You love cooking. You love the buzz of a busy kitchen on a Saturday night. Strangely, you (almost) love the thrill of being yelled at by the Head Chef.
What you don’t love is writing your resume.
I know how you feel. Writing resumes is an acquired taste (ha), so I’ve created an Australian Chef Resume Example just for you. It is written with a healthy dash of tongue-in-cheek humour by describing the career of a well-known international chef.
Use it as a departure point for writing your own chef resume.
Don’t copy mt chef resume example word-for-word. You’ll get the best results if you tailor it to your career background and target role.
If you get stuck, you can get unstuck by using my recommended:
Australian Chef Resume Example.
This resume example hypothetically belongs to Gordon Ramsay, who is no stranger to anyone looking for a career in hospitality.
Love him or hate him, he has achieved a lot during his 3-decade career as a chef, and the resume example below has a shot at selling his skills to a potential employer.
Here’s why Gordon’s resume is likely to stand out to restaurant owners and hotel managers:
- Clean, minimalist design. Don’t make your resume look like a fruit salad. Keep the number of different font sizes down to a maximum of 4 and use the same font type throughout. Use minimalist graphics to create a sense of logic, guiding the reader’s eye from the most important element to the least.
- Attention to detail. If you don’t have an eye for detail, you won’t succeed as a chef. Convey that you have this skill by ensuring that your resume is 100% free from grammatical errors and typos.
- DOB, gender and photograph are not necessary. Do not add them to your Australian chef resume.
- Narrative-driven profile. Did you notice how Gordon’s resume kicked off by telling the story of his career? You need to do the same. Craft a real story that walks the reader through the most salient aspects of your career, highlights your key achievements and showcases your strengths. Don’t stuff it full of generic cliches like “excellent chef with a lot of experience across a variety of settings”!
- Key skills/assets. Think of this section as a red wine reduction. It’s an intense, small, but punchy summary of who you are as a chef. Focus on your impact rather than your duties.
The two most important features of this page are:
- Reverse format. Ideal for a chef with a healthy amount of experience, the reverse-chronological resume format places emphasis on parts of your career that potential employers care about the most – the most recent stuff.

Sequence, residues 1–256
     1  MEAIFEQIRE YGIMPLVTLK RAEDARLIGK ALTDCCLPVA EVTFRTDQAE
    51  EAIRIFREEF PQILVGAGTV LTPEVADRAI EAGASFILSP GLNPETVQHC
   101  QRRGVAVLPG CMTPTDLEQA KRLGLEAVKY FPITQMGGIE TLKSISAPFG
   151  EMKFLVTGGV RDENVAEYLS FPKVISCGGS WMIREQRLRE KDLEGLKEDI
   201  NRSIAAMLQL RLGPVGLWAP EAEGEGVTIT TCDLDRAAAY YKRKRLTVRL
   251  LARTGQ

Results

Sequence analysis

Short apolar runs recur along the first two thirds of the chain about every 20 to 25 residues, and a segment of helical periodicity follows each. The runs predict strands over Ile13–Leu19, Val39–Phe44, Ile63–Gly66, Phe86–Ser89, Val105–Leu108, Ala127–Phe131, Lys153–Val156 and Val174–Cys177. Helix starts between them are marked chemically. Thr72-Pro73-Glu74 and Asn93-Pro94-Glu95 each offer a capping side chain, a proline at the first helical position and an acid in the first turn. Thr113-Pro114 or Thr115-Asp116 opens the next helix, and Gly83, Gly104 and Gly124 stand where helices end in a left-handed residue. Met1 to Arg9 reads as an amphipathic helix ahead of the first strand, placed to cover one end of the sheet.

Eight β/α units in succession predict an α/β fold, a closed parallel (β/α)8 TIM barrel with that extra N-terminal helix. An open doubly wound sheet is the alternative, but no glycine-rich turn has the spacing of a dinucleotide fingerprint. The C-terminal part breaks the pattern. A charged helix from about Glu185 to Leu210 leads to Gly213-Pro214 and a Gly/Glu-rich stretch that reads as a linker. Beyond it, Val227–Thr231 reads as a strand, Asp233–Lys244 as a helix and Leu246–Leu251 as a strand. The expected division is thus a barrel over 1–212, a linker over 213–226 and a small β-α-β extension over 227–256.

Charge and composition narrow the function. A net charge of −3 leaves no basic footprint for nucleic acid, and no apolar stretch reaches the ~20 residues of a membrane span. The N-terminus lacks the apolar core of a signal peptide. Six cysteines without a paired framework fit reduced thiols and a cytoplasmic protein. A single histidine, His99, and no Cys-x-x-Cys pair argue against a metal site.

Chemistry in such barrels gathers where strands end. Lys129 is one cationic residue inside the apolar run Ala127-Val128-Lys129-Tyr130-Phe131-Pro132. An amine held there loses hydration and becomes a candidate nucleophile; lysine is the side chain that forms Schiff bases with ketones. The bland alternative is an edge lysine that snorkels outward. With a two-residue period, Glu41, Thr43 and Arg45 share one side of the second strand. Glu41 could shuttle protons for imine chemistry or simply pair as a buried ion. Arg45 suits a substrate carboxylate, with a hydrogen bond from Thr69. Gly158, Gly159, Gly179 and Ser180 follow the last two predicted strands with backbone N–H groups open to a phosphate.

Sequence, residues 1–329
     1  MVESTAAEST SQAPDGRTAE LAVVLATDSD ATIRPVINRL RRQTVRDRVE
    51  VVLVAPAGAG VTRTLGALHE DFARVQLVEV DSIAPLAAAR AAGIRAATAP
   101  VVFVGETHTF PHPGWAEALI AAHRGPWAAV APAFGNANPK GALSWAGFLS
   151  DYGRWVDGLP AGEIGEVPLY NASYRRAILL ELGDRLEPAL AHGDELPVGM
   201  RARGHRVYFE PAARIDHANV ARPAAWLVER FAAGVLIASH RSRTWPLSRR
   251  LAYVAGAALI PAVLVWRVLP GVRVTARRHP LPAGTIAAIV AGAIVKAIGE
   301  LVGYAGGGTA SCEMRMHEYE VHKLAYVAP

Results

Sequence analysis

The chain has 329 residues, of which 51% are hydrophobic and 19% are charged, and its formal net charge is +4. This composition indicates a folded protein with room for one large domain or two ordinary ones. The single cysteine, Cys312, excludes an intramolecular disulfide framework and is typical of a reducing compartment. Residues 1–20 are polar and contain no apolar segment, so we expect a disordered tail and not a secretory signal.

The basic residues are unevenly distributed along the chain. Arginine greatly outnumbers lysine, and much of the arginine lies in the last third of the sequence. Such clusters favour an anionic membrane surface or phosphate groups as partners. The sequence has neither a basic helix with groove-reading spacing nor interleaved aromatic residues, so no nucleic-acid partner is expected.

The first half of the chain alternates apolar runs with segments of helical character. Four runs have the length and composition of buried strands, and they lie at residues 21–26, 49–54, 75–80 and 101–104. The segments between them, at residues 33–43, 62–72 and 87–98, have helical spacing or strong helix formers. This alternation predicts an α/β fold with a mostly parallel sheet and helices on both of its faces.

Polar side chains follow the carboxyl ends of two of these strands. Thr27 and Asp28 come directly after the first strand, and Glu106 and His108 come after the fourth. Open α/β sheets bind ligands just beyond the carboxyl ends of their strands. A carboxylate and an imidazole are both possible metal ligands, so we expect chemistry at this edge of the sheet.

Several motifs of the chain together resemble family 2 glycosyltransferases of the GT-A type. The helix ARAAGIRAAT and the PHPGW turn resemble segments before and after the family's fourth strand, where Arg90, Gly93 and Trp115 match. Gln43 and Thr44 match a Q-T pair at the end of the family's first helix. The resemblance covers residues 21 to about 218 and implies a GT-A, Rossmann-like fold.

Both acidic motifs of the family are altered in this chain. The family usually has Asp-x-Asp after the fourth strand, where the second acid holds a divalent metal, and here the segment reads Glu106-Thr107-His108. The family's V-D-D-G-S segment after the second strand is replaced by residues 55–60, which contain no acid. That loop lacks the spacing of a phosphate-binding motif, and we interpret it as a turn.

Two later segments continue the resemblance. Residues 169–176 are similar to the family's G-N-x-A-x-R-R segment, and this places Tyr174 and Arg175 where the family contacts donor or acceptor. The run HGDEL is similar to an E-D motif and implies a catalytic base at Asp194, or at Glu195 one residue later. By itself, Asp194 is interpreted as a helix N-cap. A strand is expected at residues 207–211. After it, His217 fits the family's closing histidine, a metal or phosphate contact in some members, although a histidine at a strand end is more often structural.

- Strong achievements. Writing effective achievements is similar to cooking a great steak. It requires the correct technique plus a little bit of creativity. Remember to kick off each achievement with an action verb – and never confuse it with a responsibility.
Many Australian chefs miss job opportunities with top restaurants because they neglect the last page of their resume.
Finish the race with the same amount of zeal as you had at the start. The last page can make or break your job application.
When two chefs are evenly matched, restaurant owners often use the information on the last pages of their resumes as a tiebreaker.
- Correct length. First of all, don’t overcook the word count. Aim for between two and three pages in length.
- Volunteer experience. Have you contributed to the restaurant industry in ways that don’t involve paid gigs? Have you taught at TAFE? Have you donated your time to cook for Meals On Wheels?
- Courses and qualifications. Include all of the qualifications you’ve picked up along the way. Where did you do your apprenticeship? Do you have any esoteric, highly specialised qualifications that position you as an expert in Kosher and Halal diets?
- References. Australian restaurant owners don’t expect you to list your referees on your resume. “References Available Upon Request” on the last line is sufficient. You’ll provide the contact details of your referees at a later stage.
Australian Chef Resume Templates.
Did you know you can write your chef resume in half the time using resume templates and online resume builders?
They provide you with a starting point and guidelines that prevent writer’s block.
These free templates from Resume.io are the best:
If you’d like to focus on cooking and outsource the task of writing your resume to a professional, I know good resume companies in Sydney and in Melbourne that are ready to take your resume to the next level.
They have helped dozens of professional chefs land roles at top restaurants around Australia.
Job Outlook For Chefs In Australia.
The Australian hospitality industry is booming. By 2024, there will be more than 117,000 chefs in Australia. This is a projected growth of 15% from 2019 (101,000).
Chefs will be among the most in-demand workers over the next five years, according to the Federal Government’s latest Skills Priority List, revealed earlier this year.
Most job openings attract strong competition from overseas chefs because the job offers a pathway to Permanent Residency (PR) in Australia.
The job is notorious for its long working hours and irregular schedules, but the relatively high salary does offset some of the sacrifices you’ll need to make. Entry-level chefs can expect to make a relatively low $50-70K, but experienced chefs at top restaurants take home an average of $80-110K.
Related Australian Resume Examples.
P.S. Are you a chef, looking for a job in Australia? What challenges have you encountered in the job market? Share your roadblocks below, and I’ll do my best to help you overcome then without personalised tips and actionable advice.